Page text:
Success Stories: Reducing distress for a lady with Alzheimer's diseaseAug 13, 2021
We often get asked to help people who have dementia and who become distressed during personal care. Experiencing difficulties during personal care can be very common for people that have dementia, and can be difficult for both them and their caregivers too. Finding a way to make personal care routines not only tolerable but even potentially enjoyable is something that is key to providing best practice individualised care. Because every person is different and has had different life experiences, we use an individualised approach for all our clients, and design every intervention to suit each person’s completely unique needs.
I was asked to work with a lady called Mrs S, who was 82 years old, had a diagnosis of Alzheimer’s disease and lived in a care home. Mrs S had started to become distressed when she was asked to take part in personal care, which was upsetting for both her, and her carers and impacted her quality of life. I completed a fully individualised assessment with Mrs S to find a way to make personal care something less distressing for her.
To start the assessment, I quietly carried out some observations over a few days to get an understanding of the behaviours, and the events that happened leading up to, during, and after personal care. This assessment began to indicate that the manner in which Mrs S was spoken to could make all the difference to her experience of the situation. To understand more thoroughly, we systematically evaluated different ways to speak to Mrs S while doing an activity she really enjoyed, which was colouring. While we did the activity together, I asked Mrs S to do some simple tasks (such as passing a pencil), but I worded them in slightly different ways each time, and then recorded Mrs S’s reactions to each phrase I asked her. I was able to do this a few times over multiple days, and I always asked her when she was content and relaxed.
Rather than be instructed to do something, Mrs S preferred to be asked for her help in carrying out the task, and to be given a choice about how it was carried out. For example, instead of saying ‘Mrs S, it's time for your wash now’, staff should ask ‘Mrs S, I really need your help getting the bath ready, would it be better if we filled it and put the bubbles in now, or shall we put the bubbles in after it's full?’ After discovering that this change in communicate was the key to supporting Mrs S in a way that upheld her dignity, the staff began to use this style of phrasing in everyday interactions with her and during personal care. Because of this, there was a huge decrease in how distressed Mrs S was, and she was much happier and willing to take part in the things she was asked to do.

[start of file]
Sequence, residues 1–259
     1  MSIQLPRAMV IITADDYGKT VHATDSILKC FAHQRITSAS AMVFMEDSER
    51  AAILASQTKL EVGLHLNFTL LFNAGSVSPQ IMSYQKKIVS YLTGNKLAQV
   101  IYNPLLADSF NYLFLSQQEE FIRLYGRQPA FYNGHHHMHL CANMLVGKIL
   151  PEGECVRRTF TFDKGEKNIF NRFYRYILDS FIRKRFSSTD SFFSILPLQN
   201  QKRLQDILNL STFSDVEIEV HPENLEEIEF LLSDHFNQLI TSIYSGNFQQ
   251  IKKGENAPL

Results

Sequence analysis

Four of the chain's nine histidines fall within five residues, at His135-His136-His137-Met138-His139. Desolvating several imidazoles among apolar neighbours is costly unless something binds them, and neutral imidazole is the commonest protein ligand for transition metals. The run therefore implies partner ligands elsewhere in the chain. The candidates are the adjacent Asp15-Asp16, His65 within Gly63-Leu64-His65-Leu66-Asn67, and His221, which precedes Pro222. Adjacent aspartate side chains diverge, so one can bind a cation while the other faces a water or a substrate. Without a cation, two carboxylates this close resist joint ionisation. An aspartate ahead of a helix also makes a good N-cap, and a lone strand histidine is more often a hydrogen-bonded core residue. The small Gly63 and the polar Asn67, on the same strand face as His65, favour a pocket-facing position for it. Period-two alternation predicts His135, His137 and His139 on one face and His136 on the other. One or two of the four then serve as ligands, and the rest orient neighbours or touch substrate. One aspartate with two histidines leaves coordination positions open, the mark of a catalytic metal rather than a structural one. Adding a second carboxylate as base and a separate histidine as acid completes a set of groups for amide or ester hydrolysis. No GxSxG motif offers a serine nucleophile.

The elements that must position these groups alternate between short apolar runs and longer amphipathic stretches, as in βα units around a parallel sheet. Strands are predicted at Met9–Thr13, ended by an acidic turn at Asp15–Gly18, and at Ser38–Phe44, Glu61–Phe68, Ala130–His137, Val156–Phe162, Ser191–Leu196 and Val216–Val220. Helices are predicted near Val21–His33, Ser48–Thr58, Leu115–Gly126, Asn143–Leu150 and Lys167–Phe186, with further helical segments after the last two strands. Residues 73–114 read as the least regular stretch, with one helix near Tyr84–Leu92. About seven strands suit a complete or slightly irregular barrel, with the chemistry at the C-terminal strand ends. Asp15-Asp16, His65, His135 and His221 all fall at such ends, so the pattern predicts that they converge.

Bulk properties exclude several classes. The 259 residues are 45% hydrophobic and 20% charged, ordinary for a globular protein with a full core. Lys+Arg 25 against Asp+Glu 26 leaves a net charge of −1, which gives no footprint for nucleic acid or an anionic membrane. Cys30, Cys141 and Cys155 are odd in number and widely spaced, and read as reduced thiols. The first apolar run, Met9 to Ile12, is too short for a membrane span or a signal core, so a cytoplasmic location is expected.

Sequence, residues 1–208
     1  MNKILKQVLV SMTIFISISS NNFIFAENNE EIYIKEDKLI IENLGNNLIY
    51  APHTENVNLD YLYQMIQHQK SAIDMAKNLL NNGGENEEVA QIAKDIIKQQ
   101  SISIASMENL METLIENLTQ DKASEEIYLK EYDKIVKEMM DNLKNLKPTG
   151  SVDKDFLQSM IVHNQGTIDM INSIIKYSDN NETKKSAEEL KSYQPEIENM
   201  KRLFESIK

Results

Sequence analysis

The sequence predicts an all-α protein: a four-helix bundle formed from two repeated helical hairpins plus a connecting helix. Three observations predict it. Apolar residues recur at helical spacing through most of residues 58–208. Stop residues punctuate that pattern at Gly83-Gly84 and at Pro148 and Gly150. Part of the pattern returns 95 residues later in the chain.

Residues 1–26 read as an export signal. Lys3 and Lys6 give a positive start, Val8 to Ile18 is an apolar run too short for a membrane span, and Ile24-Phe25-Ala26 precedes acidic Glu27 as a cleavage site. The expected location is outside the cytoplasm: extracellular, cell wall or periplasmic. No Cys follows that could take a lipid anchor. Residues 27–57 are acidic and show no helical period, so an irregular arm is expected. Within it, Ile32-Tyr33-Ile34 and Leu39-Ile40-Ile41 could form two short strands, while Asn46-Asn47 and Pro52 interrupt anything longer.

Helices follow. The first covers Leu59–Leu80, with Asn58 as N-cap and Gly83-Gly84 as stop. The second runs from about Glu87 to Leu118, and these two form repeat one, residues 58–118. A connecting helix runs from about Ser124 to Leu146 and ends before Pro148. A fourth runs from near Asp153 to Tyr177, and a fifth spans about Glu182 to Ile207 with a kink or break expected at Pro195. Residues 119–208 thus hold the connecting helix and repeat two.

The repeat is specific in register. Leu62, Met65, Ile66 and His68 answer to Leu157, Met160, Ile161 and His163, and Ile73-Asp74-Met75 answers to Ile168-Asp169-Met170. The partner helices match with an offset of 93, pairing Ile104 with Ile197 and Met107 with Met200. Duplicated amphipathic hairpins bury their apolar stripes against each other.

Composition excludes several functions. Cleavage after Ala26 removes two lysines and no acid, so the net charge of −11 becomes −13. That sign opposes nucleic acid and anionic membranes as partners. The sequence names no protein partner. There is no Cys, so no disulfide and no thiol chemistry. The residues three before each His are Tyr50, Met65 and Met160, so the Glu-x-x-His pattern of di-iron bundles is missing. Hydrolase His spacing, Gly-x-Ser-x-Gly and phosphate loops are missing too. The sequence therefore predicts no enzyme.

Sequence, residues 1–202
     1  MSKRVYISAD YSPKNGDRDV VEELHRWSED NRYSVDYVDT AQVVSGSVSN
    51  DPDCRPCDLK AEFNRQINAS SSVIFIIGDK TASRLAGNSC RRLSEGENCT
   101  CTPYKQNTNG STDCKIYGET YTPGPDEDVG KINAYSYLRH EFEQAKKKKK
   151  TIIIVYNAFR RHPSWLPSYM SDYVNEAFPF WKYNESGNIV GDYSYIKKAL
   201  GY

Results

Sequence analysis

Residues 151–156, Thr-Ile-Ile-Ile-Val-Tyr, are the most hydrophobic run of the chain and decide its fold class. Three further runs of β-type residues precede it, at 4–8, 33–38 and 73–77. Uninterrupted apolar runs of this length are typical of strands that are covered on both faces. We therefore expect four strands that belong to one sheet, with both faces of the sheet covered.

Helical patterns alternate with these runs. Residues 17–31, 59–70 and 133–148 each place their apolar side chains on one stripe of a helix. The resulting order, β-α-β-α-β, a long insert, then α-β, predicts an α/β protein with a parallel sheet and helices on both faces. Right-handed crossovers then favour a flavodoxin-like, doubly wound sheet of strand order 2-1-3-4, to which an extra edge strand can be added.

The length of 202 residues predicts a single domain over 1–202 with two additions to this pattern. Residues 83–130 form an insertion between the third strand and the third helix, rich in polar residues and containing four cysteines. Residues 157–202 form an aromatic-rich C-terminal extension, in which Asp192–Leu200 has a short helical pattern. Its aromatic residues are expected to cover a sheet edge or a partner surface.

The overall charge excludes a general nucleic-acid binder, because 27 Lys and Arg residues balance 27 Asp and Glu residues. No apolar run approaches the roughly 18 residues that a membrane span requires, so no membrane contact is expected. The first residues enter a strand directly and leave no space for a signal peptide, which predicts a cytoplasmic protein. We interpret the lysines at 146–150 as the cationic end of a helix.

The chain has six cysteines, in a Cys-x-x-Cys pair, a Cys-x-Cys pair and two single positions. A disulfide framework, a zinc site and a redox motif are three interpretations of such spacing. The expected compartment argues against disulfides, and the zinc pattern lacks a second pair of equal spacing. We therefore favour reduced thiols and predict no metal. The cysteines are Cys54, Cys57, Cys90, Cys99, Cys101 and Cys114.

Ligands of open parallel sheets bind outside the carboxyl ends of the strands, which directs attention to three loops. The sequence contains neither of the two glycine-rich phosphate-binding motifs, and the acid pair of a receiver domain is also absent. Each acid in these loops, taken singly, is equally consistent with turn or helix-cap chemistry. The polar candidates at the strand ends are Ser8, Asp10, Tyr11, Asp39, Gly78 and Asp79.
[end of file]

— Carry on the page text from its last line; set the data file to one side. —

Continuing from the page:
The detailed and fully individual assessment showed us exactly what was meaningful for Mrs S. What worked for her would not work for someone else, and this individualised assessment and intervention is at the heart of what we do here at PACT. Providing behavioural support in this way means that our client’s quality of life is massively improved through understanding their individual context, the carers can support them more easily and with less distress, and dignity and compassion is maintained at the forefront of care.
If you are interested in speaking to us about a fully individualised assessment and intervention for an older adult with dementia, please get in contact with us.
We are passionate about sharing innovation in supporting older adults with the scientific community. This piece of work was completed by PACT consultant Emma Williams during her masters degree clinical placement, was peer reviewed and published (with consent from all relevant parties) in a scientific journal called Behavior Analysis in Practice. If you are interested in reading the article, you can find it here.
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